I don’t usually have breakfast, but I ate one today because I will be walking for around 45 minutes from our house at Cablong to the land at Banaoag that Tito Bobby bought and is developing through Papa’s assistance.

Before leaving, I tried to bond with the new dog, Moymoy, which Papa bought. He is a shy dog. Then I started walking at Balon Dalan. I saw an old lady asking a little boy to do something. Aya ay upam ya ah? Apuram. The boy started walking. But the old lady ran towards him and pushed him. Apuram. She said again. The boy started running. The boy passed by an adolescent female. She asked her, “Are you doing laundry?” in a tone that was as if he was talking to a child (a child talking to a child). The adolescent female was a PWD. The boy then passed by a group of children, possibly friends, and they started teasing him with words I couldn’t understand.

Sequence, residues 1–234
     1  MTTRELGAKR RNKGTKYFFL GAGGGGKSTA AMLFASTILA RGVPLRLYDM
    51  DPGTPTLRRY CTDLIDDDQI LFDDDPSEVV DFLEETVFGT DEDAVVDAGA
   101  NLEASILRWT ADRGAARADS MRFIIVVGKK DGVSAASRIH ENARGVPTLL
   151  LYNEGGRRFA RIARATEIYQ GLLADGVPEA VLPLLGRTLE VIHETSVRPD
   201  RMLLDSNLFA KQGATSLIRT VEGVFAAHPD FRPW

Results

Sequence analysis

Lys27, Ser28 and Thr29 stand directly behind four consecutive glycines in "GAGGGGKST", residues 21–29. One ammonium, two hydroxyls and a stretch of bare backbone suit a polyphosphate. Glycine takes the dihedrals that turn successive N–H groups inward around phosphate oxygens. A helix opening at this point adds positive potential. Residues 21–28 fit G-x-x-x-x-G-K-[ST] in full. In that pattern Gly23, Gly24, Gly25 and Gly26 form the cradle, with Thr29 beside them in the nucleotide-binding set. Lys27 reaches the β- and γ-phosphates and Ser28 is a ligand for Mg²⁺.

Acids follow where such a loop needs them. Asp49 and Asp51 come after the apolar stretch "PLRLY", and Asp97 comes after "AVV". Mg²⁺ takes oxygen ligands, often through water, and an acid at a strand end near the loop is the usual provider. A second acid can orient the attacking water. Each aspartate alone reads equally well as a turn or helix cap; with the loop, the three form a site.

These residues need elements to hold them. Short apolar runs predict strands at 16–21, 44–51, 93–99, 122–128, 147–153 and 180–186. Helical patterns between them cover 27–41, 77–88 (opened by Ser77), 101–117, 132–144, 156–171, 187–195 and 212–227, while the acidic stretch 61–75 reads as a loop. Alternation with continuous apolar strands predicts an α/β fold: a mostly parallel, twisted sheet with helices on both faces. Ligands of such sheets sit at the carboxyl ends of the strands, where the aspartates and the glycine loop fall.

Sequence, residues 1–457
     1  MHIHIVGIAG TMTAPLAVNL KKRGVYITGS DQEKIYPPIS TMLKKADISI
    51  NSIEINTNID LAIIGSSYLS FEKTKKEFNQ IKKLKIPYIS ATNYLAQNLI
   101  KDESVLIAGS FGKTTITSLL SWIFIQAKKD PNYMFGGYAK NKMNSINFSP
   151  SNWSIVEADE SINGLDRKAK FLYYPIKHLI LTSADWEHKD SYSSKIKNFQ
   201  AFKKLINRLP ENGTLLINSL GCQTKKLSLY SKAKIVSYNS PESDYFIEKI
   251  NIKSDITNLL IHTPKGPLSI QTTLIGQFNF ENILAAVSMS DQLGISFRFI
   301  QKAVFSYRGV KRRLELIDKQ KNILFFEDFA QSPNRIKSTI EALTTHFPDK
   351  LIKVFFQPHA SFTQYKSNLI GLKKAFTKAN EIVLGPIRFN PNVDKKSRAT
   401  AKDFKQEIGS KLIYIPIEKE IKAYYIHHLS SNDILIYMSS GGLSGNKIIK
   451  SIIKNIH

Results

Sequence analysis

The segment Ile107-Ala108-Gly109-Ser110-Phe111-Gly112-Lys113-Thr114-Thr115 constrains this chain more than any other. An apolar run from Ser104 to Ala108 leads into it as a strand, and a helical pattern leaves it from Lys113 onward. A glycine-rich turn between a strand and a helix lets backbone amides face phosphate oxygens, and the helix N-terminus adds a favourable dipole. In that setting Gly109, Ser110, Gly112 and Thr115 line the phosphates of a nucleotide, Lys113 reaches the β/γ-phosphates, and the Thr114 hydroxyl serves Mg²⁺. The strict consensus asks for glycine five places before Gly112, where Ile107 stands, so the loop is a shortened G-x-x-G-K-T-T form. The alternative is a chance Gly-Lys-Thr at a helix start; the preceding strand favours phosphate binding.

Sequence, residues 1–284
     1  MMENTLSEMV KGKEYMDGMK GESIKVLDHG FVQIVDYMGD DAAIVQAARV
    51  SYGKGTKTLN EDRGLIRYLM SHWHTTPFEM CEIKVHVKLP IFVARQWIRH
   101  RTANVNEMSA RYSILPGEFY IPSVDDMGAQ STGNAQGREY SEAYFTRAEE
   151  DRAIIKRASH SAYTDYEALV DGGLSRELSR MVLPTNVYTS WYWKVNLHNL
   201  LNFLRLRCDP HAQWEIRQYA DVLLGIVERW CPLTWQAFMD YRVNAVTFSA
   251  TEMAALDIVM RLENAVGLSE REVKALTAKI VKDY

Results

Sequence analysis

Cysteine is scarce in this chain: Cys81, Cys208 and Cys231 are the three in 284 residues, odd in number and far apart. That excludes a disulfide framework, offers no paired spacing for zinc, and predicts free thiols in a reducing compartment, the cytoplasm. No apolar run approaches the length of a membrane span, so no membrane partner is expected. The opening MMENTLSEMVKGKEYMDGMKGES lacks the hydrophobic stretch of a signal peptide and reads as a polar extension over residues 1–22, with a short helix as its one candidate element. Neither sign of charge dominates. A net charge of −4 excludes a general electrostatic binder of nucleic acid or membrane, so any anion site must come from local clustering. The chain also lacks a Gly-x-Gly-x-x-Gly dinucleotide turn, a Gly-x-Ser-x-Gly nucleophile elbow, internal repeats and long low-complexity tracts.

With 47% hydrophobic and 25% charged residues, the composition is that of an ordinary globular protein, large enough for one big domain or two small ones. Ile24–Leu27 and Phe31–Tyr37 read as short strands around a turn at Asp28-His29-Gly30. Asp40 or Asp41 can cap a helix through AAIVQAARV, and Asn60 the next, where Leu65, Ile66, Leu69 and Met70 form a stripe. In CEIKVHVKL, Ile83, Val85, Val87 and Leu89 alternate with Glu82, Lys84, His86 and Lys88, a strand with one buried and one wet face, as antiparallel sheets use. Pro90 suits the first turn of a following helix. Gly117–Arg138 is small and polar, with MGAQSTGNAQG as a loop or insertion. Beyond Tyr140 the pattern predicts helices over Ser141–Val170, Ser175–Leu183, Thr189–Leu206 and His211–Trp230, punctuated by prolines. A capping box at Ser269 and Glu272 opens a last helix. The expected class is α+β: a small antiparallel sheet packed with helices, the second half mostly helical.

At the Urdaneta–Dagupan Road, I noticed for the first time, scales that seem to measure the water level on the posts at the left road. It says from above to bottom:


Perhaps flooding happens here, which makes me concern about the land at Banaoang, which was very near the river.

My only concern about this scale system is that why would I wait for the water to reach that high before I force people out of the place, when evacuation via land vehicle is difficult and only a chopper or boat (?) can be done.

From afar I peeked at the Presidential Hotel, which does not seem to appear at Google Maps.

On the other side of the road, an abandoned house piqued my interest. I took a picture of it across the road but I wanted to take a closer look so I crossed the street.

The abandoned house was filled with artwork—paintings, not grafittis. The house a work of wonderful art.

Tito Bob called so I continued walking. I took a photo of this abandoned store, with Coca Cola painting. This came from a distand past when advertisers were willing to paint stores. Now they just provide signboards or tarps. No longer the dedication they once showed.

I took photos of signs along the way: a sipsip pozo negro sign and an upside down piso net sign.

When I entered the land at the gate, a family of pabo (turkey) welcomed me. I took some more photos of what was happening inside the land.